5 Content Ideas For Local Businesses On Facebook

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[The following is a guest post from Amanda Webb of SpiderWorking.com.]

It looks like Facebook Graph Search is going to be huge for local businesses, so if you run a local shop, café or restaurant it’s time to crank up your Facebook marketing and make sure you are talking to your customers.

One of the hardest parts of starting out on Facebook can be knowing what to post. You grab a few minutes in the back room when the shop is empty or pull out your laptop onto the counter and sit with your fingers over the keyboard not knowing what to post. Eventually the shop starts to fill up again and customers need help, so you leave it until later.

The good news is that this is not the way it has to be.

Putting a posting schedule in place can help eliminate this procrastination and time wasting. It will also help you measure results.

A simple word document with the days of the week and what you intend to post each day is an excellent start. Now you need to fill it with posting ideas. Here are some suggestions for posts that work well for local businesses. Choose a few and start to fill in your schedule.

Offers


A 2012 study by Lab42 showed that the top reason that people like a brand page on Facebook is to avail of special offers and discounts.

The inbuilt offers feature allows businesses to share a special promotion on their page. Each time someone claims the offer it is shared on that user’s Timeline so that all their friends can see it. This is a premium Facebook feature but these offers have a great reach and can generate interest in your business beyond the usual reach of your page.

Customers who claim the offer are sent an email by Facebook that can be printed or shown to a retailer on a mobile device. This is a fantastic way to directly measure return on investment. The offers are bringing people directly in your door!

This may be perfect for some offers but if you have weekly specials or recurring offers there are other ways to promote them.

Sharing your specials as status updates on your Timeline can be effective. If you have a weekly offer, customers will begin to expect it to pop up on that day and watch out for it. This can encourage interaction. Some customers will ask you to hold an offer for them until they can get in to the store while others will ask for more info or will share the deal with their friends.

If your local business is a café or restaurant, even better. Posting your specials to Facebook just before lunch or late afternoon when people are thinking about dinner is a great way to get bellies rumbling.

If you want to prove ROI, you can add a ‘whisper code’ to your update asking customers to say it when they arrive at your store. That way you will know they heard about it on Facebook.

Questions


Asking quick questions on your Facebook page will really encourage interaction and give you an insight into what your customers want.

It can be as direct as asking what type of product they would like you to stock. Or more general like what time of day they do their shopping.

Sit down and take some time to construct a list of questions that you would really like to have answered.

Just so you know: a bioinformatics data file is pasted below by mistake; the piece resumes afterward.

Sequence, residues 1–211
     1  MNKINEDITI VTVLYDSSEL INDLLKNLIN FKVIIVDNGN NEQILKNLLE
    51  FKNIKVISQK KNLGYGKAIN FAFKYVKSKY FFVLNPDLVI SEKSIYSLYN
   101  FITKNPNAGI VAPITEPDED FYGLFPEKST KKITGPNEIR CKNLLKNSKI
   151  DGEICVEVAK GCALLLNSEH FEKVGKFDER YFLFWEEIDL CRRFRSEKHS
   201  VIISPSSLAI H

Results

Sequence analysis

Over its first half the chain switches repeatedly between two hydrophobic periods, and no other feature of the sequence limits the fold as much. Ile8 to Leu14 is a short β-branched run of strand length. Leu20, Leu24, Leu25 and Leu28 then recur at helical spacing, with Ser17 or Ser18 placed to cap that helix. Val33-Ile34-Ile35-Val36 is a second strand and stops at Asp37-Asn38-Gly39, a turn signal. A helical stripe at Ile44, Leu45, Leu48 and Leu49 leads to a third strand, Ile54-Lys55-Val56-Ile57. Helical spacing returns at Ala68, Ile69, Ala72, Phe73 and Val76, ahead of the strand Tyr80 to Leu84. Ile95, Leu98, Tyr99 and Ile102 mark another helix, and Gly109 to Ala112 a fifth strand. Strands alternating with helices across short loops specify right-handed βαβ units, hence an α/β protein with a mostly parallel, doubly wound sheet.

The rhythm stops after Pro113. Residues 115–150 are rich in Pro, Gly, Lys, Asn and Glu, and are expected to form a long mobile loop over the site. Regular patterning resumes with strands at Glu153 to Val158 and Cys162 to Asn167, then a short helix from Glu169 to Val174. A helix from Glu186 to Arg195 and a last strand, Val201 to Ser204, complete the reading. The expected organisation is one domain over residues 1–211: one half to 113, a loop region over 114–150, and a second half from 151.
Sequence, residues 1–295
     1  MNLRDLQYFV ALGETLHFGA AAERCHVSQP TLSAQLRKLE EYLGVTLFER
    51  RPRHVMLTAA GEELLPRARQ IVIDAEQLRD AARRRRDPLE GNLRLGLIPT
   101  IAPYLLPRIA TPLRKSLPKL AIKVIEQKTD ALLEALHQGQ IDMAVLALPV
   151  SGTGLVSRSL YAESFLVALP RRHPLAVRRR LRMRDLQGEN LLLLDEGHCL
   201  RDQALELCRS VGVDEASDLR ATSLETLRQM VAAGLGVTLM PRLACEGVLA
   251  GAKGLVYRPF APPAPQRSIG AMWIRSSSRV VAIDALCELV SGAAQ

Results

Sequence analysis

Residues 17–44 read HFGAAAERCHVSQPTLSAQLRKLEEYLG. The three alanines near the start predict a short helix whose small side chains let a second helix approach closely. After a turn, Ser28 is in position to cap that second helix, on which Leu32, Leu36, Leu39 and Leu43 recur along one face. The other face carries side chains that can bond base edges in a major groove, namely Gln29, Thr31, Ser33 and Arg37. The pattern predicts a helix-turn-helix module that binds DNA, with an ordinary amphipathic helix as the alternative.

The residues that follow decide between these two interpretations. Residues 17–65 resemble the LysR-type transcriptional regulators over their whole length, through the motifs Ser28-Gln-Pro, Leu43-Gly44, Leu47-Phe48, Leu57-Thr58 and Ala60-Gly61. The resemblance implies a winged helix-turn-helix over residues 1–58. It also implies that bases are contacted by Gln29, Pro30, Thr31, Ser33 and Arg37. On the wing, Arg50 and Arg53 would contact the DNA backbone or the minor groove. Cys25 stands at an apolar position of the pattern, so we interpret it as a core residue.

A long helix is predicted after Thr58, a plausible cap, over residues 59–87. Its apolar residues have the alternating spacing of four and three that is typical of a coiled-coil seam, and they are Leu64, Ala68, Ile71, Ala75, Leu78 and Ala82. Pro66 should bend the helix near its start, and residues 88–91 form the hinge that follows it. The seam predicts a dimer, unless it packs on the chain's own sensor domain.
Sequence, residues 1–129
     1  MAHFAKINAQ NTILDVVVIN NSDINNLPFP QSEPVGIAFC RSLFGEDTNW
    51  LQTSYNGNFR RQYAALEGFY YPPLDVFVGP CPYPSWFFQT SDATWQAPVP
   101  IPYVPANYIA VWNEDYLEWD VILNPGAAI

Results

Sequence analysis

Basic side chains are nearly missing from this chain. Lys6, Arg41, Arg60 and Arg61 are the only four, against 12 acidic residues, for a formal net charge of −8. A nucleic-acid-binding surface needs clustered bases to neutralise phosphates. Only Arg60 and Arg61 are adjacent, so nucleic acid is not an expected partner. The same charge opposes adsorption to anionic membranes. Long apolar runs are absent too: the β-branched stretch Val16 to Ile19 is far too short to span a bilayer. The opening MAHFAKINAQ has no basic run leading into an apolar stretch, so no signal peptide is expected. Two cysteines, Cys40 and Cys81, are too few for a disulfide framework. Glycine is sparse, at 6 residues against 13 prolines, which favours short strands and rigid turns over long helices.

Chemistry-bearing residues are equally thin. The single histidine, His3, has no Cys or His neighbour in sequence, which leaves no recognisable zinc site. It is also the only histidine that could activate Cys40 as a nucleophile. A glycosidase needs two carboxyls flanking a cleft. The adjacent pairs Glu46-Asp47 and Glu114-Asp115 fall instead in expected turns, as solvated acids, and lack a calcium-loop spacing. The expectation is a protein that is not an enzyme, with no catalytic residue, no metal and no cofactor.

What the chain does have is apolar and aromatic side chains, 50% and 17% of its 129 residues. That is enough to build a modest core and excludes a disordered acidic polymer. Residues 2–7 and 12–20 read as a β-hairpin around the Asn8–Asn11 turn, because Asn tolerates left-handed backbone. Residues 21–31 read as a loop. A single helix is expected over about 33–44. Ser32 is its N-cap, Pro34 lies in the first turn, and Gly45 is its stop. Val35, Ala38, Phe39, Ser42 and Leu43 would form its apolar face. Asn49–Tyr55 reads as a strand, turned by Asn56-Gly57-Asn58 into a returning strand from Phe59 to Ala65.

Even general questions about your product and service can get a conversation going between you and your customers. You should try and leave an open ended question at the end of every post.

I’ve found that relating my own experiences to questions results in more interaction. I also find that posting my questions with poll options as a status update works better than the inbuilt Questions tool on Facebook for getting real comments.

Embed Yourself In The Community


Local businesses have traditionally been the heart of the community and Facebook gives us the opportunity to remain there even when our customers are at work in front of their computers or out of town.

Sharing community news or something that will resonate with local people encourages more interaction. It also places you at the center of the online local community.

When some elephants arrived in my local town, Athy, the Health Food Shop got quite a discussion going on their page.

Showcase Your Staff


Every business has something that they are exceptional at. With any luck, you have an exceptional staff and your customer service is spot on.

If this is the case, showcasing your staff on your Facebook page is a great way to develop this online. Use photos and video to showcase their friendly faces and their expertise.

If you are feeling a little more adventurous, you could design a contest amongst the staff but showcased on Facebook. Customers could get involved by voting for their favorite.

 Showcase Your Product


What do you sell? What is special about your product? Whether it’s a bag of porridge or a folio edition of Lord Of The Rings, you have the opportunity to make your Facebook page your shop window. Show off your latest stock and entice your customers in with photographs.

Is there a story you can tell about your product? Maybe, particularly if you run a food based business, it’s about your suppliers. Can you tell the tale of how the products are made? 

By telling stories, you are giving your customers something to share and talk to others about. You are giving ammunition to your brand ambassadors, allowing them to promote your business for you.

What have I missed? What sort of content do you like to see on your local business pages? Do you have any great examples? Leave me a comment and we can discuss them.